Saturday, December 26, 2009

Re visiting Shirdi

My first visit, almost 45 years ago, was on an impulse. It was memorable and significantly changed my notions about worship! The moment I stepped into the main hall, the whole congregation began to sing. It was as if they were just waiting for me to enter! After aarthi I moved with the other devotees towards the idol of Saibaba. No one shouted at me to move on and none pushed or pulled to speed me up. I rested my head, copying others, on the footprints carved out on marble. I felt very peaceful and very content.

In fact, the memory of my first visit is still fresh in my mind. I am happy with just that memory! I have this strong belief that Saibaba has taken care of me all along. I have made many visits since then and have always returned with a better clarity in my thoughts.

This visit was different in every way from my first, there were probably 10 times more number of people (3000!).
The whole area around the main shrine was enclosed and barricaded! Tara, Shubhadaji and I deposited our shoes and cell phones at the booth and entered a large hall. We joined the long queue, two in a row, zig-zagging the entire width of the hall. The queue moved in spurts! Seats were provided in each lane for us to rest.

Good idea as often the queue did not move and it was a long wait. The drawback; those who were behind usurped our space as we sat down! Not really right, but that is how we are! Also a few would step forward into the gaps created while we made a U-turn and gain a couple of feet. Progress of some sort, though selfish!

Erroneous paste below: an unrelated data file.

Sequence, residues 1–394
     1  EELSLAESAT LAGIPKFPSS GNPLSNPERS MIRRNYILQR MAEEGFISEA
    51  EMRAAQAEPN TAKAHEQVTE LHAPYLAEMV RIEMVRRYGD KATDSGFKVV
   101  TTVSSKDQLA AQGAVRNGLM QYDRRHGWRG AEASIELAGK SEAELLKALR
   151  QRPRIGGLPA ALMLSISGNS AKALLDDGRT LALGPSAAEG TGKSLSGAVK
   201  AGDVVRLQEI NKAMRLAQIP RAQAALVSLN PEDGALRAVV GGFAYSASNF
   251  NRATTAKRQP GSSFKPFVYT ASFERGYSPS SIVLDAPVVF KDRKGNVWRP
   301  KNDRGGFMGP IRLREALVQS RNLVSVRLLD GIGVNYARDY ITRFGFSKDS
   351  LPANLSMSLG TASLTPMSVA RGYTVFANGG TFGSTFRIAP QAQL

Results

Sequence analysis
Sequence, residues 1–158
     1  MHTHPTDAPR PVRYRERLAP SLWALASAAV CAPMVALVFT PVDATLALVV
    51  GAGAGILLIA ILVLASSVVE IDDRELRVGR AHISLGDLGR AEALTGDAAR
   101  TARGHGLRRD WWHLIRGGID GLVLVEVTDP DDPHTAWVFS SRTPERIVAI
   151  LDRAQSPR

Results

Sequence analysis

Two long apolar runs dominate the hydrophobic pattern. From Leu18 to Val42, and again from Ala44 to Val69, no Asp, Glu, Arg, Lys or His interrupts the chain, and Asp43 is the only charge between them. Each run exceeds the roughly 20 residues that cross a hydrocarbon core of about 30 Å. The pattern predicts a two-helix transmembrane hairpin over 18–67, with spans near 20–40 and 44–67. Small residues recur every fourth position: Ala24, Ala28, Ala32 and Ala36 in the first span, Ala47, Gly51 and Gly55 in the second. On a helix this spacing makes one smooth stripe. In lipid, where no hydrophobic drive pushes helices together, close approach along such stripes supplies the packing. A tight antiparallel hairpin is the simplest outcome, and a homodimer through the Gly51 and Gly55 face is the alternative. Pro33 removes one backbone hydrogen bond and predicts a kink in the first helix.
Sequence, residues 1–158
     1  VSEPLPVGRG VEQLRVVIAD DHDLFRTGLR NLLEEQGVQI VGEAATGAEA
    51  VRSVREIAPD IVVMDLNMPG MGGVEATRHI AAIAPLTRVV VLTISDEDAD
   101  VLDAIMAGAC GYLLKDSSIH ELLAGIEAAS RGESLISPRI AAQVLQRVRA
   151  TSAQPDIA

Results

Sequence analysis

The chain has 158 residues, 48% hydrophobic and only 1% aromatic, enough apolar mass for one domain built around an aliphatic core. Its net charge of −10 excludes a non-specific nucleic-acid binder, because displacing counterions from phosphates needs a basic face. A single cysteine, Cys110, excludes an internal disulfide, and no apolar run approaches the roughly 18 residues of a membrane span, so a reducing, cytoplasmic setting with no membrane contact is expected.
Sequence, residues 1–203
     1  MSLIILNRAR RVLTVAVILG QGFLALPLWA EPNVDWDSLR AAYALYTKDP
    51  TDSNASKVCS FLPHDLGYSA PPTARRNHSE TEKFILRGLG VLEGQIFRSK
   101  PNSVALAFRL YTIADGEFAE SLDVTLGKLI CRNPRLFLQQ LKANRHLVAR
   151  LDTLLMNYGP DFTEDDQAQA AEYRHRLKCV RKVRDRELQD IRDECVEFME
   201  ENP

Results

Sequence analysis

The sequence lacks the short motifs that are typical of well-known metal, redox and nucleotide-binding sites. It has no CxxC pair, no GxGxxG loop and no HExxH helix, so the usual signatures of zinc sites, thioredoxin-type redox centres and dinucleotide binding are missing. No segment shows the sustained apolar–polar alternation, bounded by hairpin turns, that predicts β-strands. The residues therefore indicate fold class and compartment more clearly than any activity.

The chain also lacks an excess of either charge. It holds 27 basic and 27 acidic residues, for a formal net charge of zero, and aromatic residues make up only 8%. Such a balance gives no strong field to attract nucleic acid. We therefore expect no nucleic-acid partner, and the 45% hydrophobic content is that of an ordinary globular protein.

As we waited, we watched the TV monitors and saw the Idol being readied for the aarthi. Suddenly the queue moved, I cannot say my spirits soared, as we just entered another hall! I was pleasantly surprised to see a small outlet selling coffee, snacks and even ice cream! I heard someone say that it will take an other hour and realised that we would surely miss the aarthi. Other queues also merged into ours ahead of us slowing us down further!

The aarthi began and I was lucky to see the aarthi on a TV monitor. Shubhadaji joined in the aarthi, but her voice was soft and muted. There were many who could sing, but there were many more, like me, who stood in silence. While looking around, I discovered that if I craned my neck I could see the aarthi on two monitors and it somehow felt better! Really illogical, but there you are!

After the aarthi, I saw many turn around in a circle and gesture with their hands in many ways to show their bhakti. I am always humbled by such devotees who are able to express their devotion anywhere and with such sincerity!

In time, the queue moved and we were finally in the main hall, and there were more lanes and I chose the last one on the left. I knew that this would lead me to the side of the idol, wherein the icon of Saibaba's feet are located! As I came parallel to the idol, I was dismayed to see that the 'feet' were also barricaded. While I just walked out, I saw that many managed to reach the 'feet' across the glass cover and then touch their heads. I admired them for not giving up!